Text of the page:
Guest blog entry by Marisa Bowers, Business Development Manager at CSOFT
Hosted by the Center for Information-Development Management (CIDM), the CMS/DITA North America conference was held last week in Baltimore, Maryland. Content Management Strategies (CMS) and Darwin Information Typing Architecture (DITA) joined forces for the thirteenth year to execute a great conference. From April 4th to 6th, individuals from fourteen different countries and across industries came together to participate in dialogue about increasing productivity, decreasing costs, time management, and strategies for producing dynamic, succinct content. I went, along with our very own Uwe Muegge who also served as one of the presenters, and despite unpredictable and varied weather conditions, it was a very satisfying conference.
This Year’s CMS/DITA Presentations
This year’s conference was organized into four tracks—management, information design and development, technical solutions, and tools. Keynote speaker Scott McCloud’s presentation, “Effectively Communicate Content through Comics,” was certainly an out-of-the-box choice for a room full of technical writers, but it nicely weaved together creativity, intelligence, and communication alternatives that should be considered. McCloud talked about how visual representations—comics included—are able to provide shortcuts to insight and understanding, as seen from Hans Rosling’s TED talk on poverty. It was a very winning argument: graphics of all kind seem to be underused, even though they are useful and can sometimes generate a more powerful impact than the written word.
AMD representative Keith Shengili-Roberts was also there, presenting on “DITA Metrics in Production: How, when, where and why (and how much?)”. I sat in on this one and listened to Shengili-Roberts outline the metrics and ROI results from four years of using a content management system. The talk focused not only on why it is encouraged to purchase a content management system, but also on writing productively and efficiently.
There were also, for the first time that I can remember, translation-specific presentations, which was an appreciated acknowledgment. One of these included a presentation led by Comtech (“Taking control of your translations: Designing an in-house process to optimally manage your translations”), which was full of good information. The other was by CSOFT’s very own Uwe Muegge: “Beyond Google Translate: The future for machine translation”.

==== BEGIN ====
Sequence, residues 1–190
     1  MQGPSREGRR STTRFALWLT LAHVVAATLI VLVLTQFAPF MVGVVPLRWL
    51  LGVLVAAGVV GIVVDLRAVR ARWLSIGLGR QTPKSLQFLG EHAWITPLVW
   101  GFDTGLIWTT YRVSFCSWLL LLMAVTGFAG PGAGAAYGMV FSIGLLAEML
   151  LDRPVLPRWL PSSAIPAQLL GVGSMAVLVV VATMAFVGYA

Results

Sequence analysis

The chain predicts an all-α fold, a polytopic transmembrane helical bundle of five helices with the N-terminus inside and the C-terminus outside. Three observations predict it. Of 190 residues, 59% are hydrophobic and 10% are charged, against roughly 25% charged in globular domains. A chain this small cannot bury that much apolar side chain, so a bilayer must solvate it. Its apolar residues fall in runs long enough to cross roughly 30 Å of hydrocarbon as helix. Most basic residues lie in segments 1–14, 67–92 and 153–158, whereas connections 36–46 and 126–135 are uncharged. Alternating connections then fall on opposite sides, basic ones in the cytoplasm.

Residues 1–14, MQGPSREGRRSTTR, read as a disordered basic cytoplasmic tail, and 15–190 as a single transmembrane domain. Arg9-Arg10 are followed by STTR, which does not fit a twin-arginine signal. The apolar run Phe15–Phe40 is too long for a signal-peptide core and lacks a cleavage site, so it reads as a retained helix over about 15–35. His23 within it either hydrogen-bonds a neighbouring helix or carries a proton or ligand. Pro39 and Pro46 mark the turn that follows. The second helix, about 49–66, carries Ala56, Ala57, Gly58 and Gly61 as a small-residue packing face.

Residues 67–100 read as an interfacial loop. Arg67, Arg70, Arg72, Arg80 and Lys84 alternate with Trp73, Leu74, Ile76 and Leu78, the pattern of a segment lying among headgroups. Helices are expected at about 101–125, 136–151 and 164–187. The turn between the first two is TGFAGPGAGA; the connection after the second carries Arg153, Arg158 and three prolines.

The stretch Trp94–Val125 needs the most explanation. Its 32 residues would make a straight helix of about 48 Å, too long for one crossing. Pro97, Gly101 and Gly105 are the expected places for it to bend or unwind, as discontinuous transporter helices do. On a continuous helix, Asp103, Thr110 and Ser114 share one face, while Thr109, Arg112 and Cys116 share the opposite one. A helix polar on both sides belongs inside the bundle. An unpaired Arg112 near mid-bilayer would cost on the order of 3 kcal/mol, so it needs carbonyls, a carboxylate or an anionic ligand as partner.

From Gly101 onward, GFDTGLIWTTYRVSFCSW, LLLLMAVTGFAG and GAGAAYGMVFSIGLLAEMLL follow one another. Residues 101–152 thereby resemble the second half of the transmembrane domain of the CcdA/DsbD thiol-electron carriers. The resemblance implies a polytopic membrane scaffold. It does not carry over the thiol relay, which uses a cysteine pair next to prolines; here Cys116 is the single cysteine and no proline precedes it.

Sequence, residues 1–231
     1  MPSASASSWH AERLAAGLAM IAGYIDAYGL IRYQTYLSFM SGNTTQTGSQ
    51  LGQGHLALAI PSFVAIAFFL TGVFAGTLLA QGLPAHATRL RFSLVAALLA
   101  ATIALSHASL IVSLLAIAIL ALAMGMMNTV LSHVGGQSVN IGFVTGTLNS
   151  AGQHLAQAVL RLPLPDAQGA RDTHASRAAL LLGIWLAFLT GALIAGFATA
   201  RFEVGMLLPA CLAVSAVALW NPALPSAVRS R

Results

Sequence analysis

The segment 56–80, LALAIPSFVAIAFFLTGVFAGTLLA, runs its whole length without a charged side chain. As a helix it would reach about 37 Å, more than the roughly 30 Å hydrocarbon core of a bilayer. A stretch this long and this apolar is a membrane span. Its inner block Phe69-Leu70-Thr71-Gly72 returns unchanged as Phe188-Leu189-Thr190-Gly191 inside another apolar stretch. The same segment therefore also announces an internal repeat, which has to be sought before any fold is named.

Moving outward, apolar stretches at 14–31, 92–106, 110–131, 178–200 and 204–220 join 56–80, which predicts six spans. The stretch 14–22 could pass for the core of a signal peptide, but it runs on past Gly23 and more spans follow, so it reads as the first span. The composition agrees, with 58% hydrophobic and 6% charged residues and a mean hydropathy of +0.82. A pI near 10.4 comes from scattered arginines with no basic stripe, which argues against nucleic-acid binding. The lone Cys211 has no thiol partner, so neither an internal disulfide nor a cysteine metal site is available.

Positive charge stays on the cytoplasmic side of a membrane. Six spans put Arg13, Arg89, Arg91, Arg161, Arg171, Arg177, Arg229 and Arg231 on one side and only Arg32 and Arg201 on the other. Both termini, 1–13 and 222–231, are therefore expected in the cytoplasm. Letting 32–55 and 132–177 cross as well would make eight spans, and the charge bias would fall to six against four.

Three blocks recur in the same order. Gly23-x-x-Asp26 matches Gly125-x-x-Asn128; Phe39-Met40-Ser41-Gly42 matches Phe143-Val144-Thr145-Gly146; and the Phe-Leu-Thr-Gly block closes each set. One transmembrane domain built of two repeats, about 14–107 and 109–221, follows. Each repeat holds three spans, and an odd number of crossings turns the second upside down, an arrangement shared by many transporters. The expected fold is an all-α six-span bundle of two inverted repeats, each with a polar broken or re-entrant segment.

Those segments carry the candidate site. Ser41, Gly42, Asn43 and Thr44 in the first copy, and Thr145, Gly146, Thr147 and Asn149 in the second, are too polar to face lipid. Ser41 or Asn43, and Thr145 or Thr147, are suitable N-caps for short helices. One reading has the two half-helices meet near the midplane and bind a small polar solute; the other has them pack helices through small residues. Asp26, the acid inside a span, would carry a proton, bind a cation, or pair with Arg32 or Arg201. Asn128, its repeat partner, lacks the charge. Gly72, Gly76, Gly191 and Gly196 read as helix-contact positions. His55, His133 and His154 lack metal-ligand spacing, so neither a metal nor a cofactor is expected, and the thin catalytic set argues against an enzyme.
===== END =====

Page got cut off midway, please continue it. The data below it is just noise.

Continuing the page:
CSOFT at CMS/DITA
Uwe’s presentation on a timely topic went smoothly and was well-received by the audience. He talked about the Google Translate phenomenon and how people have begun identifying Google Translate as an equivalent to machine translation, and how this is a mistake. Uwe also expanded on the limitations of free machine translation services, such as the lack of control users have over the translation output, and offered some suggestions and solutions for guaranteeing greater quality in machine translation, including employing rules-based systems and using only domain-accurate data.
Uwe during his presentation on Google Translation and the future of machine translation.
It is a refreshing surprise to see translation-related topics begin to infiltrate CMS/DITA, as source content management and localization often go hand and hand; as this trend continues, the weight of translation, and the importance of being able to understand the translation process, will begin to climb towards its true value in the product development cycle.
One thing I was especially pleased to see was Kristof Van Tomme from Pronovix present on Drupal and DITA’s co-existence and how they can learn from each other. Typically DITA is the structured authoring tool that tech writers need to create user manuals or similar documents, while Drupal is the open source publishing tool for websites, blogs and the like. By combining forces, DITA documentation-centric principles can provide Drupal with an infrastructure that would allow for collaboration, documentation generation, and a more intuitively organized and flexible interface.
Another interesting thing of note is that, since CSOFT first began attending this conference almost three years ago now, it seems to me that the CMS/DITA conference has really come together to provide a sharpened, more assured focus to a calm yet attentive attendance.
A few years ago, it seemed as if everyone was trying to take everything in all in at once. A localization company that understood how to handle segmentation and use DITA to write documents had too many things going on simultaneously. During this conference, there was a noticeable calm from those who have been using or work alongside DITA, and there was clear recognition and understanding that a savvy, engineering-focused LSP can be a genuine asset as a localization partner.
Baltimore itself was lovely. There’s nothing to complain about when you are breathing in salty air and listening to schooner ships! Most people had at least one belt-loosening seafood dinner, and I also heard tales of crabcakes and macaroni and cheese topped with crab. We had every type of weather for the three days. One very balmy day out of nowhere, then pouring rain the next. A stunning, crystal-clear late afternoon and sunset was followed by a crisp, windy spring day the next. We were located right on the historical harborwalk, and there were runners going by taking in the spring air at every hour of the day. Not a bad way to complement a conference if you ask me.
Baltimore’s Inner Harbor, with several different historic ships on display.
If you’re interested in translation, localization, or even if you just like to read the occasional blog, make sure to visit csoftintl.com!